Affordable Access

Publisher Website

Chemical composition and in vitro fermentation characteristics of ancient grains using canine fecal inoculum.

  • Traughber, Zachary T1
  • He, Fei1
  • Hoke, Jolene M2
  • Davenport, Gary M2
  • de Godoy, Maria R C1
  • 1 Department of Animal Sciences, University of Illinois, Urbana, IL.
  • 2 Archer Daniels Midland Company, Decatur, IL.
Published Article
Journal of animal science
Publication Date
Oct 15, 2020
DOI: 10.1093/jas/skaa326
PMID: 33057647


Human interest in ancient grains replacing traditional carbohydrate sources has reached the pet food market; however, chemical composition of these grains and their digestive properties in the canine model, specifically the fermentative characteristics, have not been established. Five ancient grain varieties were analyzed: amaranth (AM), white proso millet (WPM), oat groats (OG), quinoa (QU), and red millet (RM). Cellulose (CEL) was used as a negative control and beet pulp (BP) was used as the positive control. Substrates were analyzed for macronutrient composition as well as free and hydrolyzed sugar profiles in addition to their in vitro fermentative characteristics. Substrates were allocated into two sets to allow for quantification of pH, short-chain fatty acids, and branched-chain fatty acids, as well as gas volume and composition. Samples were digested for 6 and 18 h with pepsin and pancreatin, respectively, prior to inoculation with fecal bacteria for 0, 3, 6, 9, or 12 h. Detectable levels of cereal beta-glucans were observed solely in OG (3.5%), with all other substrate containing less than 0.35% cereal beta-glucans. All test substrates had fairly similar macronutrient and starch profiles with the exception of RM that contained the highest resistant starch content (2.4%), with all other test substrates containing less than 0.5% resistant starch. However, the analyzed pseudocereals, AM and QU, had the highest concentrations of free glucose while the minor cereal grains, WPM, OG, and RM, contained the highest concentrations of hydrolyzed glucose. All test substrates had propionate production values similar or greater than BP after 3, 6, 9, and 12 h of fermentation, and similar or greater butyrate production values than BP after 6, 9, and 12 h. All substrates had greater (P < 0.05) changes in pH than CEL after 6, 9, and 12 h, with AM, WPM, OG, and RM having greater (P < 0.05) changes in pH than BP after 9 and 12 h. These data suggest select ancient grains have similar fermentation characteristics as BP, a moderately fermentable fiber considered the gold standard in terms of fiber sources in the pet food market today, and that OG and AM may be more fermentable during longer fermentation periods. © The Author(s) 2020. Published by Oxford University Press on behalf of the American Society of Animal Science. All rights reserved. For permissions, please e-mail: [email protected]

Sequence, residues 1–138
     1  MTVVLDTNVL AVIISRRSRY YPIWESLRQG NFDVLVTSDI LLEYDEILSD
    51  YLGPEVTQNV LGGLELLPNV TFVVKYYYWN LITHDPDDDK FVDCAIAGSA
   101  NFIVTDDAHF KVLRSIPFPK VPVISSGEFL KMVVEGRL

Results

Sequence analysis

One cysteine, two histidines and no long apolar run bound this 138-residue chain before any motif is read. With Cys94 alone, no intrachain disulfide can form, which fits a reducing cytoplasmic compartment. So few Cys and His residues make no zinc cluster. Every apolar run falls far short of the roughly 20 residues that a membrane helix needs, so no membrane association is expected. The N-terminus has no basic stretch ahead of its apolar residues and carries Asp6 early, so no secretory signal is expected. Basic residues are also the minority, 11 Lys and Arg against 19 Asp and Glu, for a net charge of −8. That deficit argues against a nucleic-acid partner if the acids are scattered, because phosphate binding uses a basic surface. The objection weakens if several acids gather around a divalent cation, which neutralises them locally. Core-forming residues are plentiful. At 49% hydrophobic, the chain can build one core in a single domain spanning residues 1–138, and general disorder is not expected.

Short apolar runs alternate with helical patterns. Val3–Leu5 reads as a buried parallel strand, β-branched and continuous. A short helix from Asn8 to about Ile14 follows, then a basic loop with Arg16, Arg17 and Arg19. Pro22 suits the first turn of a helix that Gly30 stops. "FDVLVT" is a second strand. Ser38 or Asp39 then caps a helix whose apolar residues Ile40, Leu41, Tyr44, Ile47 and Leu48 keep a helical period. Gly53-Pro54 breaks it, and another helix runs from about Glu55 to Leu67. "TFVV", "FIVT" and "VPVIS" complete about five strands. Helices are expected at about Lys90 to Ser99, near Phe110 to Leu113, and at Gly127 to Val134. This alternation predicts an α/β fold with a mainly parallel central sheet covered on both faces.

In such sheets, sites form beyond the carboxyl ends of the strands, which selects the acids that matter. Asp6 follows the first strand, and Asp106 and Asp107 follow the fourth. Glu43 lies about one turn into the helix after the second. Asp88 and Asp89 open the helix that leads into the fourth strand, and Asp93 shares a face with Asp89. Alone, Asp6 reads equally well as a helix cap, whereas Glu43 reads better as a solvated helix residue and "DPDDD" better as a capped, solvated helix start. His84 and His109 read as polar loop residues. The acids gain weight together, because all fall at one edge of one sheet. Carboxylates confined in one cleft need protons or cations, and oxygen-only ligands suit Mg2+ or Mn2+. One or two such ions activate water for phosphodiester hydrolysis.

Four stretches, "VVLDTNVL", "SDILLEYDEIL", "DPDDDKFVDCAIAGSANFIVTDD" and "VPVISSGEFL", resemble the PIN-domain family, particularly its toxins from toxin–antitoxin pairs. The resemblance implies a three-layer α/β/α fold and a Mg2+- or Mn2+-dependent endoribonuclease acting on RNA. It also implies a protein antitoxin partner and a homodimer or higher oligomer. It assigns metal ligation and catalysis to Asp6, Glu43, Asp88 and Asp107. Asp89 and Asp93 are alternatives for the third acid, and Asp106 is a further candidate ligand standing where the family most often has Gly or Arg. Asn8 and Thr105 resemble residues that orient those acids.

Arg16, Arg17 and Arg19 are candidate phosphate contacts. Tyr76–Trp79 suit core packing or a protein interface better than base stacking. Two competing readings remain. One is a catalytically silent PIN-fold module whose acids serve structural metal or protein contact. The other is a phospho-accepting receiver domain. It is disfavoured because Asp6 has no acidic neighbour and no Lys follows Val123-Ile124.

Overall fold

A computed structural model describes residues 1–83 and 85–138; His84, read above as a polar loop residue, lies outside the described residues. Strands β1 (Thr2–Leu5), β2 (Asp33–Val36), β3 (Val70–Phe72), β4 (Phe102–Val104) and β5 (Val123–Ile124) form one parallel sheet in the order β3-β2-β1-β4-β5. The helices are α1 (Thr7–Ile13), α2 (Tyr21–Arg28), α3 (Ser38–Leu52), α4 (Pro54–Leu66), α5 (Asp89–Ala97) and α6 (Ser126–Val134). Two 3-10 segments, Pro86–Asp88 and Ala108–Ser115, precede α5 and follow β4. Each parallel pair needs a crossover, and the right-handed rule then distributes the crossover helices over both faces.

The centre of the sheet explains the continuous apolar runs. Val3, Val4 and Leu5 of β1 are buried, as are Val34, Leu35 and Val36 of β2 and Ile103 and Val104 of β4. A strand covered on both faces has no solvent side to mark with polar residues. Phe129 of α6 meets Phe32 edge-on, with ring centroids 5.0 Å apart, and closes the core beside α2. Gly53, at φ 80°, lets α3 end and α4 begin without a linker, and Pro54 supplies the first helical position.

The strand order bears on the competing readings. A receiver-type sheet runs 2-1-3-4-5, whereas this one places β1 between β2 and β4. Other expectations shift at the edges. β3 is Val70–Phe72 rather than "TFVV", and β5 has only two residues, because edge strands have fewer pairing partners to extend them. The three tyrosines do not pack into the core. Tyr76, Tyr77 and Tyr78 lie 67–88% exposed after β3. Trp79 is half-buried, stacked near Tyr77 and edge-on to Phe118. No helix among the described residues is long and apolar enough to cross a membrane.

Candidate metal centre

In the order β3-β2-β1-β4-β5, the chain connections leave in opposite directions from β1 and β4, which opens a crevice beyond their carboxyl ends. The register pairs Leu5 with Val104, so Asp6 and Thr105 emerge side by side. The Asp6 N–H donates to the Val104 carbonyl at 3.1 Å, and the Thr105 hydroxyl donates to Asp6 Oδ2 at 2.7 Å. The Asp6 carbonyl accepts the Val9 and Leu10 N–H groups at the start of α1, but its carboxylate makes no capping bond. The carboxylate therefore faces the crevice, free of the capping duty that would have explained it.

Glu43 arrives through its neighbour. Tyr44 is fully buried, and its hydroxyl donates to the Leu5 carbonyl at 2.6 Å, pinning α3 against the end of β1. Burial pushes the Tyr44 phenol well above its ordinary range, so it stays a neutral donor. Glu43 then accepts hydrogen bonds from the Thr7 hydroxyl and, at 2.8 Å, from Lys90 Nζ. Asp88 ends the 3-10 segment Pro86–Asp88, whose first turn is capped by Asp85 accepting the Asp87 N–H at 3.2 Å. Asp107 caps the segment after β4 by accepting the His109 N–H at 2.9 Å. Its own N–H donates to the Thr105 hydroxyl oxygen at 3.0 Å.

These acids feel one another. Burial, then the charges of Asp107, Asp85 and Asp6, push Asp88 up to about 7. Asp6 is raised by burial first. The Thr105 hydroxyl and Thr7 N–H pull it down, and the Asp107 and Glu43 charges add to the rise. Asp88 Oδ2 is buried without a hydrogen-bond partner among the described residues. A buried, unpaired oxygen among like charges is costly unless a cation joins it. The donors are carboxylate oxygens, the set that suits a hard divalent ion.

Report this publication


Seen <100 times